Malware may reinstall itself multiple times if you don't delete its core files. This may require tracking down dozens of files in different locations.
We recommend downloading Advanced System Repair to eradicate Malware for you (it should cut down the time to about 15 minutes).
Windows XP is well over ten years old. In spite of its age, there are still millions of Windows XP users out there. Microsoft no longer sells new Windows XP licenses, but the operating system holds up remarkably well against newer OSes like Windows 7 and Windows 8.
That’s going to change very soon. On April 8, 2014, Microsoft will officially retire Windows XP, which means that the company will no longer patch security problems and other issues. Windows XP, for all intents and purposes, will be officially unsupported by Microsoft.
This is a bad thing for users. But recent security analysis has shown that it’s going to be much worse than expected. ComputerWorld.com recently interviewed Jason Fossen, a computer security researcher who says that:
“The average price on the black market for a Windows XP exploit is $50,000 to $150,000, a relatively low price that reflects Microsoft’s response.”
Microsoft patches these exploits in days, which means hackers are paying that much cash for an exploit window that is only open for as long as the PC user waits to patch their system. However, today, the same people who sell these exploits are holding onto them and waiting to release them after April 8, 2014.
By holding onto the exploits, these researchers ensure that Microsoft will not immediately patch them. And since dozens, hundreds, or even thousands of these exploits may be out there, the sheer number of exploits revealed on April 8, 2014 could be catastrophic.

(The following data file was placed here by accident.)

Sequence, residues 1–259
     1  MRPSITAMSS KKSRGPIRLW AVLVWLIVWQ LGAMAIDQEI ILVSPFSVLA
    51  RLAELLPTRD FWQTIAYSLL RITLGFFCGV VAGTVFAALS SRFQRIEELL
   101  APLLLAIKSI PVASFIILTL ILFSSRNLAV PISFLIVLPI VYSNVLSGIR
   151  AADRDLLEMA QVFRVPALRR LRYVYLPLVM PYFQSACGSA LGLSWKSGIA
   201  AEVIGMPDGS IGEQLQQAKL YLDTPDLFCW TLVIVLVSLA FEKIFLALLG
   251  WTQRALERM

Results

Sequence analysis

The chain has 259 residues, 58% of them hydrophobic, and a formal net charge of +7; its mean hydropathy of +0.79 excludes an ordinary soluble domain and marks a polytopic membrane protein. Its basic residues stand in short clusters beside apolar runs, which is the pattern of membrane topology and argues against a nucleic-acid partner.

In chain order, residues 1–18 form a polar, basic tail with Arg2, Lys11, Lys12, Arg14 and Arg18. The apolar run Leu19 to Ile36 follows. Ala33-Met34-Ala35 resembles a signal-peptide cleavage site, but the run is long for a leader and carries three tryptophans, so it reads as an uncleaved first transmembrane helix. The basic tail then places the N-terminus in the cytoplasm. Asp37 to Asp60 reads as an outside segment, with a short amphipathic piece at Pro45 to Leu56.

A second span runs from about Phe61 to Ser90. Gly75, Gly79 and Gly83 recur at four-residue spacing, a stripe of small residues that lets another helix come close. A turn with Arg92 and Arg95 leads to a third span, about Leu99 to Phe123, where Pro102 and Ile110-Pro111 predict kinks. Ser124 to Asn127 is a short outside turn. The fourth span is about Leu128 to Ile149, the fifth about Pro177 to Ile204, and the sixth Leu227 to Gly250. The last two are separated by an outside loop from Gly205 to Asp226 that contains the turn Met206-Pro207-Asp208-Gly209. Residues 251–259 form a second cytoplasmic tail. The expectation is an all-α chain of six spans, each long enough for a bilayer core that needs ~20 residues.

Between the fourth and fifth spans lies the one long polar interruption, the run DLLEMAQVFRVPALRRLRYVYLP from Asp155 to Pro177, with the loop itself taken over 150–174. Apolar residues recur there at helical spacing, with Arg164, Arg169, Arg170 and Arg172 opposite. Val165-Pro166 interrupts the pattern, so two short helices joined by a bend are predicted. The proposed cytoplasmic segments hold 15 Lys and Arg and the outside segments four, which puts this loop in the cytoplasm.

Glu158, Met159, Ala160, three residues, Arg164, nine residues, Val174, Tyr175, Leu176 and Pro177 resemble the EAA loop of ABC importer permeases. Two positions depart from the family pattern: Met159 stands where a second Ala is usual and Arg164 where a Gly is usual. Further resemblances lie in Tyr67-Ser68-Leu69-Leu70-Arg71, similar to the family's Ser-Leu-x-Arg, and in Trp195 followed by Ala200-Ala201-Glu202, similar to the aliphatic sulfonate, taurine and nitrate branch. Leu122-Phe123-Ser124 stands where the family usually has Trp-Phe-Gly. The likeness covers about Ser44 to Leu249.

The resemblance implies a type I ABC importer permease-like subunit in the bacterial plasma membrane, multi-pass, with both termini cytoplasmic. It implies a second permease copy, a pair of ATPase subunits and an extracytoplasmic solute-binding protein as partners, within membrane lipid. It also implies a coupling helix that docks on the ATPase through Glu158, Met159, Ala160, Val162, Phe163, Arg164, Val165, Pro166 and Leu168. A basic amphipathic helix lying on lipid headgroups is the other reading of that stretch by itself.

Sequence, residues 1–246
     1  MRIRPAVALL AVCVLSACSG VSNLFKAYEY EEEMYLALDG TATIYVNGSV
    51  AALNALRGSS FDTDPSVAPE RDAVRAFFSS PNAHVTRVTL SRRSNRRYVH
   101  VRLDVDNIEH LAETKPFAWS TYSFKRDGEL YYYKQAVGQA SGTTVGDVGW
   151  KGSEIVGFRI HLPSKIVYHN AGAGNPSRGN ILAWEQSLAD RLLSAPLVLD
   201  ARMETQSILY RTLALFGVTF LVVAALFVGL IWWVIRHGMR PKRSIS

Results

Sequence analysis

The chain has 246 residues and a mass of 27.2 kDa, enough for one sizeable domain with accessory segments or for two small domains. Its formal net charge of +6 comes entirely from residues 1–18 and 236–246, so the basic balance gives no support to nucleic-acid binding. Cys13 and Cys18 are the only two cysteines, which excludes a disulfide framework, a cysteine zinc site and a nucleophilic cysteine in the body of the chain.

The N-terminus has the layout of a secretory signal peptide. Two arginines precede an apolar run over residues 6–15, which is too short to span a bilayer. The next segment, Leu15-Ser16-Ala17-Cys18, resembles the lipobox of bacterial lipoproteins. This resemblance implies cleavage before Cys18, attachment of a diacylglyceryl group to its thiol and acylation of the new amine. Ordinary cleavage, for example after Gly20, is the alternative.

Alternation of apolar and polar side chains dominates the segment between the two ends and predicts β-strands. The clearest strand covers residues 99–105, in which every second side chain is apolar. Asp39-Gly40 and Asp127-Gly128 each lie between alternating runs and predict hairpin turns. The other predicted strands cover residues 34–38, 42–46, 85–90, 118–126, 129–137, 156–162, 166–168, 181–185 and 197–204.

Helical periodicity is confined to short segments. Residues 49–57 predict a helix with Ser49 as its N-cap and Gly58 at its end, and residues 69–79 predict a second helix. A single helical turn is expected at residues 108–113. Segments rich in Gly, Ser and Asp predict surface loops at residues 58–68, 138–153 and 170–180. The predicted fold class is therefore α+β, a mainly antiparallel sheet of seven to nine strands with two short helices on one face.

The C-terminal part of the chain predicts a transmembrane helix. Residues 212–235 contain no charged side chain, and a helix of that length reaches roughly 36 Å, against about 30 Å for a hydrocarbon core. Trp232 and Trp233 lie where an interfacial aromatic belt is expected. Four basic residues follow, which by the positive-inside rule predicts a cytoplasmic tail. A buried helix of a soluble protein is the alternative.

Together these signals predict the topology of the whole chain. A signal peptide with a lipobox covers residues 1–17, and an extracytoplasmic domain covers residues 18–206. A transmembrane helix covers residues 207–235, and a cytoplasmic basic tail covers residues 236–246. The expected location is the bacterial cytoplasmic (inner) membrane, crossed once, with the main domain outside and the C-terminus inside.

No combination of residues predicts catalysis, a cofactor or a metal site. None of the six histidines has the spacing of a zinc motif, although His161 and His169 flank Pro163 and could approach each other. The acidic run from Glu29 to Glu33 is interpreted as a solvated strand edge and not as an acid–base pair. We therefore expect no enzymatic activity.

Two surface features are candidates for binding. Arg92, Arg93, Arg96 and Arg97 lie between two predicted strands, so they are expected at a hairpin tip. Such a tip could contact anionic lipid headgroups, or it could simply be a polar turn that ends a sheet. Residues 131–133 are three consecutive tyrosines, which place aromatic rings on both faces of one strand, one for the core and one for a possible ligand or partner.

How many people still use Windows XP?
Windows XP is over ten years old. So who still uses it? Well, a surprising number of people, actually. According to Wikipedia, which collects the latest information about operating system market share, Windows XP is the second most popular desktop operating system in the world.
As you can see from that graph, Windows XP is only 7% behind Windows 7 and it’s miles ahead of Windows 8, Windows Vista, and OSX combined.
That percentage represents millions of users. On April 8, 2014, these users better be prepared for the security storm that awaits. Or, they could just upgrade to Windows 7.
How to protect your Windows XP computer after April 8, 2014
If you’re bravely going to stand by your Windows XP PC through thick and thin, then you better arm yourself well before April 8. Here are a few tips:
-Install a good antivirus program and make sure it’s running in the background at all times
-Stop using Internet Explorer (use Chrome or Firefox)
-Install PC Cleaner Pro and run it, and then continue scanning your PC on a weekly/monthly basis
-Upgrade to Windows 7
Even after doing all of those things, your computer won’t be 100% secure from malware and viruses. Mark April 8, 2014 on your calendar because it’s going to be the last important day in the history of Windows XP.